California workers may be surprised to learn that many of the nation's unpaid interns have no legal protections against workplace sexual harassment because of a federal loophole. However, Congress may finally be making moves to address the issue.
The reason that many interns are left vulnerable to harassment while at work is because the Civil Rights Act of 1964, which contains provisions that protect against sexual, racial, age and disability discrimination, only extends to paid employees. This means that unpaid interns have no right to sue supervisors for sexual and other forms of harassment in many states. Fortunately, California, Connecticut, Illinois, Maryland, New York, Oregon and Washington, D.C., have all passed laws that protect interns from workplace harassment. As for interns working in unprotected areas of the country, help may be on the way. Congress is considering a bill that would extend anti-harassment protections to all private sector interns. The House passed a limited version of the bill that protects federal interns in mid-January, and another bill is being considered for interns on Capitol Hill.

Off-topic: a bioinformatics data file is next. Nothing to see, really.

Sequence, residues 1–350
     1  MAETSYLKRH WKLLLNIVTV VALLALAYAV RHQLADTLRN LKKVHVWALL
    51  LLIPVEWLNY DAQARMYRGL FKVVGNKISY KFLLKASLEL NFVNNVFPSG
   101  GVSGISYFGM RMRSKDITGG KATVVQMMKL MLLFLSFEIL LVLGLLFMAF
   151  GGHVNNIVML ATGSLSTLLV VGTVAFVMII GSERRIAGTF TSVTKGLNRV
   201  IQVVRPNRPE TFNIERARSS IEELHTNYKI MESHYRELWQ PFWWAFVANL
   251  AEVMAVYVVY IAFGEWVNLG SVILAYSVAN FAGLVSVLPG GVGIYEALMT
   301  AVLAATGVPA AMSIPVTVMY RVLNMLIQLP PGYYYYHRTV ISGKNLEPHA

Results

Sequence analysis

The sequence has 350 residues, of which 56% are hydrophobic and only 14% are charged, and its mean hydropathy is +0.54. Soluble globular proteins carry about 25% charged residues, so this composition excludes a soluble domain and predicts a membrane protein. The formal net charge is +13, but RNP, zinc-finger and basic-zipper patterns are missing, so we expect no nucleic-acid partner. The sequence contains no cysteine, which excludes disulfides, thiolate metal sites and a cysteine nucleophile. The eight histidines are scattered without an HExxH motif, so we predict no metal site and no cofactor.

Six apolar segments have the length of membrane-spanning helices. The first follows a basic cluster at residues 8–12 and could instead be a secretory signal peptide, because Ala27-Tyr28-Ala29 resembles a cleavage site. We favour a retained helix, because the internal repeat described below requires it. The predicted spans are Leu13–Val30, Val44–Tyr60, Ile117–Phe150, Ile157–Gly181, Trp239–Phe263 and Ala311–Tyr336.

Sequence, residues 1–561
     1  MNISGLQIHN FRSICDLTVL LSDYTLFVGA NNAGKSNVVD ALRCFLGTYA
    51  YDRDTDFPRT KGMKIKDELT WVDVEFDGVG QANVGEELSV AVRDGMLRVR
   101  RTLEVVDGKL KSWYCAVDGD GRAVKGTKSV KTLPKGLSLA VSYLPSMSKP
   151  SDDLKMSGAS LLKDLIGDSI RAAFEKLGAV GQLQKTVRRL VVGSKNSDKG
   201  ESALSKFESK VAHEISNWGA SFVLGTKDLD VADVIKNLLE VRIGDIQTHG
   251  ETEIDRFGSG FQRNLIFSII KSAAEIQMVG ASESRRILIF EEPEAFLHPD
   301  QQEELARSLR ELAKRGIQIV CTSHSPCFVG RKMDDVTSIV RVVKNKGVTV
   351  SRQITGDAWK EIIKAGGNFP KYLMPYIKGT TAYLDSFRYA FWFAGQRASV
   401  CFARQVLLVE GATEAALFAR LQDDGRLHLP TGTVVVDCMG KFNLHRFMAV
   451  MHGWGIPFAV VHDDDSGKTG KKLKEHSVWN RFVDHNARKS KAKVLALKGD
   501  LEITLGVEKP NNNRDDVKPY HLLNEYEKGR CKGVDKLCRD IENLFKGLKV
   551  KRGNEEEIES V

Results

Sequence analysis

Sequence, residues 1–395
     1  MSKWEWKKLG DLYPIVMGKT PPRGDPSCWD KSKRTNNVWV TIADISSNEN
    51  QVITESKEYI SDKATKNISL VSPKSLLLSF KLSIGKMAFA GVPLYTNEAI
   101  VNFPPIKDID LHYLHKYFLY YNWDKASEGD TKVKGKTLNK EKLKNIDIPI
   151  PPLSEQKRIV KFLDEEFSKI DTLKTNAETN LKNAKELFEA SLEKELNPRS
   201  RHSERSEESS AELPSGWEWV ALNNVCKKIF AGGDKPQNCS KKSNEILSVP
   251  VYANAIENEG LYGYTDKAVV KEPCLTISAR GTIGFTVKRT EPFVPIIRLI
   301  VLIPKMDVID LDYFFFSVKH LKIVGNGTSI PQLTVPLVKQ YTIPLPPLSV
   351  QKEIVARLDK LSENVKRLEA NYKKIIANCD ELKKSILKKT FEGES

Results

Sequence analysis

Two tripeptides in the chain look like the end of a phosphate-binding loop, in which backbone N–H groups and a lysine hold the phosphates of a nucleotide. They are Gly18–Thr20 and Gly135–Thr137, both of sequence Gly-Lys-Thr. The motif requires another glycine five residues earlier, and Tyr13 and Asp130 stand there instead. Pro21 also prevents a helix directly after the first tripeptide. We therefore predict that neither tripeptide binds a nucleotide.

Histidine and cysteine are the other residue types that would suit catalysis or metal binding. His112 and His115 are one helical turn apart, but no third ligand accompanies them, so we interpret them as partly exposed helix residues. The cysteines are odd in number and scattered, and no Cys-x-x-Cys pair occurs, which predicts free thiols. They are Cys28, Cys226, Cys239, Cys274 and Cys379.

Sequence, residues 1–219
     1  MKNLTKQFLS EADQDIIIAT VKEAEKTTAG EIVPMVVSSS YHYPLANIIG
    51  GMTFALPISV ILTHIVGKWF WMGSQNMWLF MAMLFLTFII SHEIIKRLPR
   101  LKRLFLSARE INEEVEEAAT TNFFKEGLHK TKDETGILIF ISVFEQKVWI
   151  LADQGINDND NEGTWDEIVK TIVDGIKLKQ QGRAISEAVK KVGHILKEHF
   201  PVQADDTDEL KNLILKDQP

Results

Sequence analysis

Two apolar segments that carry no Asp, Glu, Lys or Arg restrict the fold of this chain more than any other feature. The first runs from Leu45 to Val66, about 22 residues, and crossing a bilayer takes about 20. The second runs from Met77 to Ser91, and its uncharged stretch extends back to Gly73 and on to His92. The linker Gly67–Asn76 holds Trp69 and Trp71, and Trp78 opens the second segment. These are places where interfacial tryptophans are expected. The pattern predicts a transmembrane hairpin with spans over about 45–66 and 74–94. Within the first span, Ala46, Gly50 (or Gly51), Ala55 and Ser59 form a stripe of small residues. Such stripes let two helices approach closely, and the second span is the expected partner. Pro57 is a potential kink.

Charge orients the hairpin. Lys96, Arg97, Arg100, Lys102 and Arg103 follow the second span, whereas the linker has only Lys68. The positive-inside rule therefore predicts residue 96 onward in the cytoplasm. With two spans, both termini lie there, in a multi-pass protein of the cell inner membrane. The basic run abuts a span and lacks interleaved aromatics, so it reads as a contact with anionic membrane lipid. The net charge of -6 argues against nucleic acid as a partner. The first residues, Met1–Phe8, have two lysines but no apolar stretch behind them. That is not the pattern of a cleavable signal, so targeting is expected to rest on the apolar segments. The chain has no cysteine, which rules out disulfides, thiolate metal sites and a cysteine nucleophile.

According to a 2010 study, 77 percent of unpaid interns are women, and the unequal power structure present in unpaid internships can leave interns vulnerable to potentially exploitative environments at work. While many worker advocates are praising the proposed federal legislation, others are concerned it doesn't do enough to protect interns who are earning college credits or who are service volunteers.
California employees or interns who have been the victims of unwanted sexual advances in the workplace may wish to discuss their legal rights with an attorney. Depending upon the circumstances, it may be appropriate to file a complaint with the state's Department of Fair Employment and Housing.